‘Afghanistan at a crossroads due to critical human rights challenges’

Kabul, May 26 (EFE).– Richard Bennett, the United Nation’s Special Rapporteur for Afghanistan on human rights, Thursday said the war-battered country faced grave human rights challenges and urged the de facto Taliban government “to close the gap between their words and their deeds.”

Winding up his 11-day Afghan visit, Bennett told reporters in Kabul that the Taliban government had “failed to acknowledge the magnitude and gravity of the abuses – many of them in their name.

He urged the Islamist regime to acknowledge the human rights challenges “that are having a severe impact on the population.”

The UN expert expressed alarm that many of the government’s policies and “drive for absolute control” had a cumulative effect on a wide range of human rights that have created “a society ruled by fear.”

He particularly mentioned that the “advancing erasure of women from public life is especially concerning.”

Bennet said the Taliban diktats on females “fit the pattern of absolute gender segregation…aimed at making women invisible in society.”

He cited the suspension of secondary education for girls, severe barriers to employment, no opportunities to participate in political and public life, limits on freedom of movement, association, and expression, directives on mahram (male family member chaperone), enforcing a strict form of Hijab and advice to stay at home.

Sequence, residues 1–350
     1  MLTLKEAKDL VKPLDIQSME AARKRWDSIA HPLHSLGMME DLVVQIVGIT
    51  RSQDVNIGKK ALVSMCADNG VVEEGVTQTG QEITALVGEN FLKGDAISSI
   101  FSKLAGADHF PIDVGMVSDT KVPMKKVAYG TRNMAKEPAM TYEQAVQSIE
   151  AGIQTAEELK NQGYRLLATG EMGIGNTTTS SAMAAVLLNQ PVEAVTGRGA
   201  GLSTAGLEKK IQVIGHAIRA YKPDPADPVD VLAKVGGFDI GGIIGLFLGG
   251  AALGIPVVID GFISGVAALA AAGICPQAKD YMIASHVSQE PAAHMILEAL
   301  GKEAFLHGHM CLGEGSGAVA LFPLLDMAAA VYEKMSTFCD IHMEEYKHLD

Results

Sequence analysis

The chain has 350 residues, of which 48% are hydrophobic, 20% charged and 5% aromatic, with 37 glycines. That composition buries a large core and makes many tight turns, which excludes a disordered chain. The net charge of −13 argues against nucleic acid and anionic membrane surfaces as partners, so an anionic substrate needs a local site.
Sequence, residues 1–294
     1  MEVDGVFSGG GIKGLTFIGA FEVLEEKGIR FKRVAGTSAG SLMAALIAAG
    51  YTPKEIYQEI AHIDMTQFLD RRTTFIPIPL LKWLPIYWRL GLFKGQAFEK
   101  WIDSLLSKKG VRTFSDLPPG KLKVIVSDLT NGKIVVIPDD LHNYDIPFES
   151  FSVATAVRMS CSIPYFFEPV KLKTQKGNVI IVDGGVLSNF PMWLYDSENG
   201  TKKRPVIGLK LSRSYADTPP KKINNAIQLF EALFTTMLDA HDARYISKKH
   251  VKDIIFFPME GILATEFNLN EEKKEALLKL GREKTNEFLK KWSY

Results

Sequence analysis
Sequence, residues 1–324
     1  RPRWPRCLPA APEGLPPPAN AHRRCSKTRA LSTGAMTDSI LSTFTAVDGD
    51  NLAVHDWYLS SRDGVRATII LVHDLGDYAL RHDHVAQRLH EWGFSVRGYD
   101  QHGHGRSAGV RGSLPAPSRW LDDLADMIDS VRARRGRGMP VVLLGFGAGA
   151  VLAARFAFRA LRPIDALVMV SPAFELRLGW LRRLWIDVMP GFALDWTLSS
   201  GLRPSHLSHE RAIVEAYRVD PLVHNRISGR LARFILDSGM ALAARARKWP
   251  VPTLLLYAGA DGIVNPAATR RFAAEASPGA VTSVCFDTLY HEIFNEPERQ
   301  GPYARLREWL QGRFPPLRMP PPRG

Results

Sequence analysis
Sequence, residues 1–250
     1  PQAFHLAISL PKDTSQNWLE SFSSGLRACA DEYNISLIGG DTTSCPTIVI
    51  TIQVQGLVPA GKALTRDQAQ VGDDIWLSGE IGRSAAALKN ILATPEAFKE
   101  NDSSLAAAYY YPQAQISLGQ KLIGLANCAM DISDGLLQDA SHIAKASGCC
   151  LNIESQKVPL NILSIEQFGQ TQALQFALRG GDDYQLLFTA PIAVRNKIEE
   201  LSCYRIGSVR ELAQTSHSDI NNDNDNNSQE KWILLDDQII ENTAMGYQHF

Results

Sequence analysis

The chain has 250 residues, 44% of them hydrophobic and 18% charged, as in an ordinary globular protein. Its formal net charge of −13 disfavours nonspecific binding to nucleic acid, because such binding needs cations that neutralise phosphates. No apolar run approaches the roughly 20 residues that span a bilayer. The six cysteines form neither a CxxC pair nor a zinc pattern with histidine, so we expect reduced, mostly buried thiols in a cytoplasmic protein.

He said the directives contravene Afghanistan’s obligations under numerous human rights treaties to which it is a state party.

He noted that women still demonstrated their determination to participate equally in society “despite the odds against them.”

Bennet called upon the Taliban to immediately reverse policies and directives that negatively impact women.

He asked them “to prioritize rights of women and girl to equal participation in education, employment, and all other aspects of public life.”

The UN Special Rapporteur acknowledged the Taliban extended their invitation to access the entire territory and to visit sensitive locations like schools, hospitals, and prisons “in a crucial commitment to ensure that transparent monitoring can be undertaken.”

He noted that armed hostilities in many parts of the country had ceased, and there was a consequent reduction in conflict-related casualties since the Taliban took over on Aug.15 last year.

He said the recently established panel for the return of leading Afghan personalities might provide an opportunity for dialog and potentially strengthen governance.

While granting the general amnesty to officials of the ex-government and members of the security forces could be the first step toward reconciliation, he expressed alarm about reports of alleged extrajudicial and revenge killings of former security officers.

Bennet noted with concern the high number of reports of intimidation, harassment, attacks, arrests, and in some cases, killing or disappearance of journalists, prosecutors, and judges for undertaking their duties.

“Civil society space and media freedom is critical for a peaceful society in which rights are respected.” EFE


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